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iFixit teardown offers a detailed look inside the Mac Studio and Studio Display

iFixit teardown offers a detailed look inside the Mac Studio and Studio Display


Removable, replaceable, but not necessarily upgradable drives

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iFixit has gotten its grubby mitts on Apple’s new Mac Studio computer and Studio Display, and has taken both apart to learn more about them — including how easily they can be repaired or even upgraded. The Mac Studio in particular has generated some controversy because its SSDs don’t appear to be user-upgradable, despite being fairly easy to access and remove.

There’s one piece of good news from iFixit’s teardown, which is that it does appear to be possible to swap out the SSD in a Mac Studio for one of the same size in case the drive fails. But despite there being a second SSD slot accessible, it doesn’t appear to be possible to simply insert an additional second drive to easily upgrade the Studio’s storage yourself. As for whether it could ever be possible for an end-user to upgrade a Mac Studio’s storage? “The jury’s still out,” says iFixit.

The Mac Studio gets a 6 out of 10 for repairability

These difficulties have prompted speculation that Apple is implementing some kind of software block to prevent end-user SSD upgrades. But as ArsTechnica explains, it probably has more to do with the fundamental design of the storage in Apple Silicon Macs. While PC SSDs typically include both NAND flash chips and an SSD controller on the same (removable) module, Apple’s recent Macs have separated them. The NAND stays on the SSD module itself, but the SSD controller is built into Apple’s chips.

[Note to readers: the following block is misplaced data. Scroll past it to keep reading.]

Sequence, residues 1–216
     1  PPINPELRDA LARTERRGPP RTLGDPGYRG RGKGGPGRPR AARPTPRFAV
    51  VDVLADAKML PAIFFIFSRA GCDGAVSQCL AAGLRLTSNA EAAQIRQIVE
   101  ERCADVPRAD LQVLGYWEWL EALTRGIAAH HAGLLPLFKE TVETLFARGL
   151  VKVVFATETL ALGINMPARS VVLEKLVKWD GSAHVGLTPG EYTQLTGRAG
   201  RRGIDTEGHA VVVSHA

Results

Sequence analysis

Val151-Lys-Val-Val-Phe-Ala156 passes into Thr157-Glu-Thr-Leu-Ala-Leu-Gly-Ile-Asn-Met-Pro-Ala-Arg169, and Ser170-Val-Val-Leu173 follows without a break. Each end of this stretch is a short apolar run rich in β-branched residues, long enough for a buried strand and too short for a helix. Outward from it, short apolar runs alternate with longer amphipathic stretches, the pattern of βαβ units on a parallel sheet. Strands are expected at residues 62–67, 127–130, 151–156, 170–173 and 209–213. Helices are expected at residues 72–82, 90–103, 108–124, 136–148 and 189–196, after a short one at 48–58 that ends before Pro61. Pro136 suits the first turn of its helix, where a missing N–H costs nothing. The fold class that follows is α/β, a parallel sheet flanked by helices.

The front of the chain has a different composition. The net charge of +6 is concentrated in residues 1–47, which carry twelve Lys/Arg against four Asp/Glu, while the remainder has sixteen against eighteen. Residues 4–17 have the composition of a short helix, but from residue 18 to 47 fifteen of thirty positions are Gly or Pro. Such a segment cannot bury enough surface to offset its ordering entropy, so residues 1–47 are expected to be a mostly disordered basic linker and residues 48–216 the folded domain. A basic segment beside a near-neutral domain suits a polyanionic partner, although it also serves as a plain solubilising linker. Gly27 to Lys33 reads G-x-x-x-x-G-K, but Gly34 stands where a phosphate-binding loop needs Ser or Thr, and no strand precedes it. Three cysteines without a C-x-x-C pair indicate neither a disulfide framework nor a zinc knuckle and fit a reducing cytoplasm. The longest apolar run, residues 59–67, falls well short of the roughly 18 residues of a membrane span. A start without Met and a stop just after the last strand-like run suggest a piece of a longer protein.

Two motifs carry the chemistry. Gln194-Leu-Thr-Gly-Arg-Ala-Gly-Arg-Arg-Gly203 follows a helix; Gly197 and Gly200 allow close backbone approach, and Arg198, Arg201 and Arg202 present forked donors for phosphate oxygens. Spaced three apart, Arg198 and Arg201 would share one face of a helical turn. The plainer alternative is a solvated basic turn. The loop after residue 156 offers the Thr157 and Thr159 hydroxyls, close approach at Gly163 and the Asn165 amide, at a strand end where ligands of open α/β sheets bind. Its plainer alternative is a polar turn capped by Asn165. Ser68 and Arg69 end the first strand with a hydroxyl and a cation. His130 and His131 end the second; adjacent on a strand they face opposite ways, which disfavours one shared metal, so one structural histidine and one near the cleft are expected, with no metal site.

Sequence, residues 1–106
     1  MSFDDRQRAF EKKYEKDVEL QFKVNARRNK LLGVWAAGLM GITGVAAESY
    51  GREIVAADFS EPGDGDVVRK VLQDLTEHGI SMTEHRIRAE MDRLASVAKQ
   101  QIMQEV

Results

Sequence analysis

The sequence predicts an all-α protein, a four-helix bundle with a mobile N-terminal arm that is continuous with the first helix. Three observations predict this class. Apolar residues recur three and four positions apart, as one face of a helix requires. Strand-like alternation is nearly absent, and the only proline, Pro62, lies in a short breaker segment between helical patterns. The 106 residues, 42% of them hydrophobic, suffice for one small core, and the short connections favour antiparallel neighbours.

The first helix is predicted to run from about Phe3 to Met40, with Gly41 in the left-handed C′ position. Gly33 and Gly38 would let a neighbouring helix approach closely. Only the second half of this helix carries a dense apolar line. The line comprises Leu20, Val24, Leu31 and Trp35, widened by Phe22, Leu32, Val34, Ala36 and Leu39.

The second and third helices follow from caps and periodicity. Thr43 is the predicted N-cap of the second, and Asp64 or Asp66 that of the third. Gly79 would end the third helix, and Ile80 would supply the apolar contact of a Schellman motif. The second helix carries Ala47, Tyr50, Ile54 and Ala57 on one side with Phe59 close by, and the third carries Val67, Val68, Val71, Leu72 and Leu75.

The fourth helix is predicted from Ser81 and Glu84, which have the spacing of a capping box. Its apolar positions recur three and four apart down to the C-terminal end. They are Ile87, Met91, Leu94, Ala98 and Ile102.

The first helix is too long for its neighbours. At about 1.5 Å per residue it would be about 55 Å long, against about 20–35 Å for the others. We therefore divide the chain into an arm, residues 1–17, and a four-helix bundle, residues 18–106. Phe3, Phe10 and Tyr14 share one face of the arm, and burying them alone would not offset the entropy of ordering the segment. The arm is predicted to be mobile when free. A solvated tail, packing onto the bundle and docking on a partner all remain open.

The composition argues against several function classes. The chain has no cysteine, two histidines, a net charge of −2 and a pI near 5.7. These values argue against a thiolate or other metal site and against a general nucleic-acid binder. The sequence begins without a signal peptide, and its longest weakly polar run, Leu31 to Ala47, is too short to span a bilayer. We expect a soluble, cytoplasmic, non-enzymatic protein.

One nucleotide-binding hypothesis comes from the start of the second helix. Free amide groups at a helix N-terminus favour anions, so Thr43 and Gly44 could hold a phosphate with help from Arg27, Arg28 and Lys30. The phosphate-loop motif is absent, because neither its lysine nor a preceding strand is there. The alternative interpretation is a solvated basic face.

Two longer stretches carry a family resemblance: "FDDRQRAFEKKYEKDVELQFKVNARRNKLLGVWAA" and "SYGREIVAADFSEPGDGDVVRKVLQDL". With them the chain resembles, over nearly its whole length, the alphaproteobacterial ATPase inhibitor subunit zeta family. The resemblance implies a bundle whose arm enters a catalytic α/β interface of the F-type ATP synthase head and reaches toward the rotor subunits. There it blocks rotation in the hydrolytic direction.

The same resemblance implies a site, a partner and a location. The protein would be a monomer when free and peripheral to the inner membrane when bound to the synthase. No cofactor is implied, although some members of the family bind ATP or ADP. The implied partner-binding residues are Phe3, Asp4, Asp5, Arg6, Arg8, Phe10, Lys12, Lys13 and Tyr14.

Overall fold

Regardless of the reasoning, it’s still frustrating not being able to easily upgrade your own computer’s storage. Instead, you’ll have to pay Apple’s (often exorbitant) prices for its higher storage configurations as a safeguard.

Elsewhere, there’s both good and bad news for the Mac Studio’s repairability. The good news is that most components are held together with screws, and that the computer’s ports are modular and should be relatively easy to replace if they break. But actually getting into the computer requires peeling off a sticky rubber foot ring, its RAM is soldered on, and its cooling mechanism — while beefy — looks like it’ll be a nightmare to dust when the time comes. Overall, iFixit gives the Mac Studio a 6/10 score for repairability, same as the old Mac Mini.

Finally, iFixit also took the opportunity to take apart the new Studio Display, which it says “opens like an iMac, and inside looks… a lot like an iMac.” Although the company teases that it’ll have more to say about the display at a later date, it confirms that the Studio Display’s webcam appears to use the same camera sensor as what was found in the iPhone 11. Which makes it even more confusing that the monitor’s webcam offers such shocking quality. Here’s hoping Apple’s promised software update improves things.